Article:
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Transmedia Making

Want to learn more about my dissertation? Here is my thesis and defense presentation! The main theme is 'Transmedia Making' or using educational media as inspiration for children's maker activities. The study involved the design of Playdough to Plat,  a 5-day summer camp that served as an immersive transmedia learning experience for children ages 6-9 (n=45). The goal of the study was to advance theory and design of informal learning environments that utilize educational media as a “low-floor, high-ceiling” (Papert,1980) prelude to hands-on, project-based learning.

Winner of the 2019 Immersive Learning Award (Graduate Student) awarded by Emerging Learning Technology (AECT) 

Read the full dissertation >> 

'Across and Beyond the Screens: Investigating Children's Joint Engagement with Educational Media and Related Activities'This case study investigated children’s learning experiences in a media-inspired summer camp. The purpose of the study was to explore how educational media can be used to extend children’s learning experiences across the screens (television, mobile, tablet) and beyond these screens through hands-on maker activities, with a focus on their engagement.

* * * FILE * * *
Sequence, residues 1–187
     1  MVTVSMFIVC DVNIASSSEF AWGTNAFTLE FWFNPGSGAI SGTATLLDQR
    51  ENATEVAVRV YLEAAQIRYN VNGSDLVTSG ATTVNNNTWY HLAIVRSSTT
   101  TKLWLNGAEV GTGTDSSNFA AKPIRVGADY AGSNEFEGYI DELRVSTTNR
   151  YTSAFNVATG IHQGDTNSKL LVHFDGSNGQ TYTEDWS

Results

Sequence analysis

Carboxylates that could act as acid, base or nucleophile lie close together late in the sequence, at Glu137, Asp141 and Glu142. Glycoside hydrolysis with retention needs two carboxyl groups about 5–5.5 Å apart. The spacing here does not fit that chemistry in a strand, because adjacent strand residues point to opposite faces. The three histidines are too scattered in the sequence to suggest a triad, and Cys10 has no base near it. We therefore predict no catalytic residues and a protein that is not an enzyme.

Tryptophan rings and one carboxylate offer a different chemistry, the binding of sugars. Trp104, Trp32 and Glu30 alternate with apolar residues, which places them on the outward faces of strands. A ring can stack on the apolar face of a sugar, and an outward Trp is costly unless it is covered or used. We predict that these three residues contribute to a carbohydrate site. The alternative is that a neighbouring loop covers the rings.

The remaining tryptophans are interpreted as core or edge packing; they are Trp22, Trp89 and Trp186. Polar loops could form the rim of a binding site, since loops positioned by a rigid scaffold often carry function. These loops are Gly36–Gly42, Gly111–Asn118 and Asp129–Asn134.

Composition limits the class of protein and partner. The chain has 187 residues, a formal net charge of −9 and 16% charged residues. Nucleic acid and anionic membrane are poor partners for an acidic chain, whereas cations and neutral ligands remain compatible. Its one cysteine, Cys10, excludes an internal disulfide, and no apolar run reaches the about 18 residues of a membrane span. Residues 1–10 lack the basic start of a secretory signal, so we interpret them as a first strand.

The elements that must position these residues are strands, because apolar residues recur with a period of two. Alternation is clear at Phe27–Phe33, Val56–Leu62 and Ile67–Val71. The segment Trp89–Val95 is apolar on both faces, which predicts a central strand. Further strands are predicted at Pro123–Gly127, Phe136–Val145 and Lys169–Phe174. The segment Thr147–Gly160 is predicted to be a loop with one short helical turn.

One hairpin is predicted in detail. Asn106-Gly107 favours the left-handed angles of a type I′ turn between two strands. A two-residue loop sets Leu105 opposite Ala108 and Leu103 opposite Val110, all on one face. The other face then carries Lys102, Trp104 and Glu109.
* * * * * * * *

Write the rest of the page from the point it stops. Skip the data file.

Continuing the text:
The dissertation is roughly 150 pages, and also contains summary of the maker activities I designed for this study. 

In this (roughly 20 min) video, I will walk you through the key findings of my research.  Analysis of data suggests that viewing media and doing maker activities in groups allowed opportunities for joint engagement among children and facilitators. Semi-structured maker activities yielded higher engagement for children compared to structured activities. Limited references to media were observed in children’s conversations during the maker activities, leading to lack of clarity about the role consonance of media and making played in the overall engagement for children. Future research on joint engagement should consider adding prompts during the maker activities that directly reference the media to generate more contextual conversations among children and facilitators.